Worth 14% of your course grade
- July 25: Post details on your choices for the project
- July 28: Drafts due for peer review
- July 29: Due date for Project 3 (no forum posts will be due that day)
The Project Assignment
The company you are working at or doing an internship with is planning a diversity initiative to interest local students in STEM careers (STEM = Science, Technology, Engineering, and Math). The program is similar to a “Take a Kid to Work Day” event. Middle and high school students from the area will apply to learn about careers and will spend most of the day working one-on-one with an employee (you) to learn about what the career involves.
Your writing task is to create documents that will tell the student about your field and about a task she will do while in the workplace with you. The documents you write for this project will relate directly to the career you have chosen.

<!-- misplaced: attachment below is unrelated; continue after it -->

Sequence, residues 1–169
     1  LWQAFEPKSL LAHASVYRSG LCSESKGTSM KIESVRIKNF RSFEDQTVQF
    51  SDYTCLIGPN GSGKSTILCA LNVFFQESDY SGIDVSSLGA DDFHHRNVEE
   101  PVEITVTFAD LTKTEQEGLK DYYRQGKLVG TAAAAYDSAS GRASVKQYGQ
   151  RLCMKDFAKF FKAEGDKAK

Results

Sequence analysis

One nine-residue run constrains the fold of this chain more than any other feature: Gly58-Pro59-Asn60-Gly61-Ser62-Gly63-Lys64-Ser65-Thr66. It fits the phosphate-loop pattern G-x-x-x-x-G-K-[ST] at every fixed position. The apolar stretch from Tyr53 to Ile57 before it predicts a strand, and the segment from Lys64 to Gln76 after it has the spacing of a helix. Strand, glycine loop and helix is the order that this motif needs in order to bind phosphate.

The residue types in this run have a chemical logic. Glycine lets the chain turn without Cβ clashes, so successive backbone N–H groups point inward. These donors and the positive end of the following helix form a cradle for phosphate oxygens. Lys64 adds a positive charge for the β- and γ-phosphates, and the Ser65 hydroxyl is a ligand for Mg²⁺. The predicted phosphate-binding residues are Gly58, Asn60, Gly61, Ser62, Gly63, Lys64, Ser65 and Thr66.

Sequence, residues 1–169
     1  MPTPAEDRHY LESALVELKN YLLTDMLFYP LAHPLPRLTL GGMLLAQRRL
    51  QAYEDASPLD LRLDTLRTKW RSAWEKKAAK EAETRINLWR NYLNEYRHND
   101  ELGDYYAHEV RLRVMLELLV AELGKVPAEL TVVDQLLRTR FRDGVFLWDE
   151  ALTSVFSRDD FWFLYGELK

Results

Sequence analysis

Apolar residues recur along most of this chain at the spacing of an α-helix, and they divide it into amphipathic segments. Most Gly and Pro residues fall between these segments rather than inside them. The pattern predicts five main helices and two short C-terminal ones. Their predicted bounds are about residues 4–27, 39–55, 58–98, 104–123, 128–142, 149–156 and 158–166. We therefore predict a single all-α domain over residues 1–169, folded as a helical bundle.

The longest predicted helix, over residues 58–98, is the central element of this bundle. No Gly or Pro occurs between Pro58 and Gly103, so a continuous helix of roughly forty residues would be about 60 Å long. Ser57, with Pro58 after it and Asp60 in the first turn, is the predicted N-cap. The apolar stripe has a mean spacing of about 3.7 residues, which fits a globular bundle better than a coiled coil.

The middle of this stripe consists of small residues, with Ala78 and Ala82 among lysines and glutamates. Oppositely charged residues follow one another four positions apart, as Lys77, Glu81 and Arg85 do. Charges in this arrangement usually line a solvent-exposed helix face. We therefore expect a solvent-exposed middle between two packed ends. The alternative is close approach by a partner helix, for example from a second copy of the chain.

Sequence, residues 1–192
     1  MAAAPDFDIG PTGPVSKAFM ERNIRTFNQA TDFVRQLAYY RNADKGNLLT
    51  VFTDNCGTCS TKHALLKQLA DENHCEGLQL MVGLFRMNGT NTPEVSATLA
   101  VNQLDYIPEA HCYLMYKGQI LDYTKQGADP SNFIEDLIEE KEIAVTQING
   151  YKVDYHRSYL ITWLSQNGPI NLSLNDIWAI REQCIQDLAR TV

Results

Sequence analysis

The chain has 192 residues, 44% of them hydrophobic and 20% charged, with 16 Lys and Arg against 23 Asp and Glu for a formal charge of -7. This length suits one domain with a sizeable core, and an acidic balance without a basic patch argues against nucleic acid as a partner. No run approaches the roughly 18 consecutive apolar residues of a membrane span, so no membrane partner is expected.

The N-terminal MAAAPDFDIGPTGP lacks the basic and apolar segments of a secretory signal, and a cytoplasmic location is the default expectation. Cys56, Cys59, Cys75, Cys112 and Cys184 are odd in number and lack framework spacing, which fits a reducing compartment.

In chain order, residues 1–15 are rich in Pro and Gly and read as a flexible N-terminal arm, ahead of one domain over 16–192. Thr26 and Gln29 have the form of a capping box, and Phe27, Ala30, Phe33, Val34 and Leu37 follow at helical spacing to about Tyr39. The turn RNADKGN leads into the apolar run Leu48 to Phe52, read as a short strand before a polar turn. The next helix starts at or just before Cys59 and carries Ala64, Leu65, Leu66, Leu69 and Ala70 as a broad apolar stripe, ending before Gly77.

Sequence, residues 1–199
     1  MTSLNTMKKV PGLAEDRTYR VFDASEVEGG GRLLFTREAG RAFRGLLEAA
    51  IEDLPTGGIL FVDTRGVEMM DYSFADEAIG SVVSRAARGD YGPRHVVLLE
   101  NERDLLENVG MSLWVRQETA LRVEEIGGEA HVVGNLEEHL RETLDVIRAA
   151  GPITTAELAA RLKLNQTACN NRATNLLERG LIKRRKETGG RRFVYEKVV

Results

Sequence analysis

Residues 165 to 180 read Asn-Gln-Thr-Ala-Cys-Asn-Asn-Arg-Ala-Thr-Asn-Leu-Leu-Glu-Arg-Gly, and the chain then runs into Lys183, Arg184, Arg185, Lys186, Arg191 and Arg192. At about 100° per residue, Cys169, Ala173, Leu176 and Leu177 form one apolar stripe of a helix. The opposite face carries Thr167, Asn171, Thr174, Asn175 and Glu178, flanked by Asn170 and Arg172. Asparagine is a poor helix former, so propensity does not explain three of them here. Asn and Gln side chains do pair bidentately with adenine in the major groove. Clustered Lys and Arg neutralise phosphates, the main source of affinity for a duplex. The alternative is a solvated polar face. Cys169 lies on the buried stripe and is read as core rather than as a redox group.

Step 1: Decide on the focus for your project.
This project is designed to connect with the work you are doing this summer, since most of you have internships or jobs that relate to your career interests. If you are happy to talk about the work you are currently doing, you are set. Your focus will be to talk about your career and the job you are currently doing. If you are under a nondisclosure agreement (NDA), you can still discuss the work someone in your career does. Just be sure you don’t give away any trade secrets or divulge proprietary information. If you’re not sure about sharing something, ask someone at the company for clarification.
There are two alternatives if you aren’t working on a job in your field this summer:
- You can focus on a job in your field that you have done in the past. The task will be nearly the same. You’ll just have to use your memory rather than your daily work to inspire what you write.